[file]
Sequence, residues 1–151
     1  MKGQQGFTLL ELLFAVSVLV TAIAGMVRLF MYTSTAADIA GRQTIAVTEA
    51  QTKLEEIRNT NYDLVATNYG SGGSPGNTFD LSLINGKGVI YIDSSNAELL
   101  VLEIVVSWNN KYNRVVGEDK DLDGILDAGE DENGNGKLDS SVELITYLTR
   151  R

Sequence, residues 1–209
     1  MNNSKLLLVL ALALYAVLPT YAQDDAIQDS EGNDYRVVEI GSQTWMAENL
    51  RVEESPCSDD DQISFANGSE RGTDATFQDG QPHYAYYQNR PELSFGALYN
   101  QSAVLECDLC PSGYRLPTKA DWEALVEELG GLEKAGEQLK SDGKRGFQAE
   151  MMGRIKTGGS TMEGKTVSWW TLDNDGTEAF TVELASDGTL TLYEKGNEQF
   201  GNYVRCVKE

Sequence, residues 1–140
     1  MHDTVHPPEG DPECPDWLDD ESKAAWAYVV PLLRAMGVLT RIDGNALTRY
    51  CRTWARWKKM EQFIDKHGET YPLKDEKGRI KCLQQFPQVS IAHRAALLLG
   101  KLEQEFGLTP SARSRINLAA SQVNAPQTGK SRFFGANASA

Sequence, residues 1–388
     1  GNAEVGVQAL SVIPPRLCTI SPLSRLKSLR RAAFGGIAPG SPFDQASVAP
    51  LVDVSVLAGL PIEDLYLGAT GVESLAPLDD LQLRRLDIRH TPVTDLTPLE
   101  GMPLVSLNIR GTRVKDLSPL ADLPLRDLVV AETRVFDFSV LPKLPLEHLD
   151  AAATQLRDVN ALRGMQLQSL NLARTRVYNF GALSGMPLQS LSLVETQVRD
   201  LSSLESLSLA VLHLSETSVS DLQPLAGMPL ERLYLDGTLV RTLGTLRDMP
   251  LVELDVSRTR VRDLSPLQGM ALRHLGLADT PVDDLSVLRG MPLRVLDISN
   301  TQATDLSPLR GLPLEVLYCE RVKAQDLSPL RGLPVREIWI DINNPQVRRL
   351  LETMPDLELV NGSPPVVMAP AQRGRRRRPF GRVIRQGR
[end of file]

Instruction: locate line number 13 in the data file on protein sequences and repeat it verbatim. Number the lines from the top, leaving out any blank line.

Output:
     1  MHDTVHPPEG DPECPDWLDD ESKAAWAYVV PLLRAMGVLT RIDGNALTRY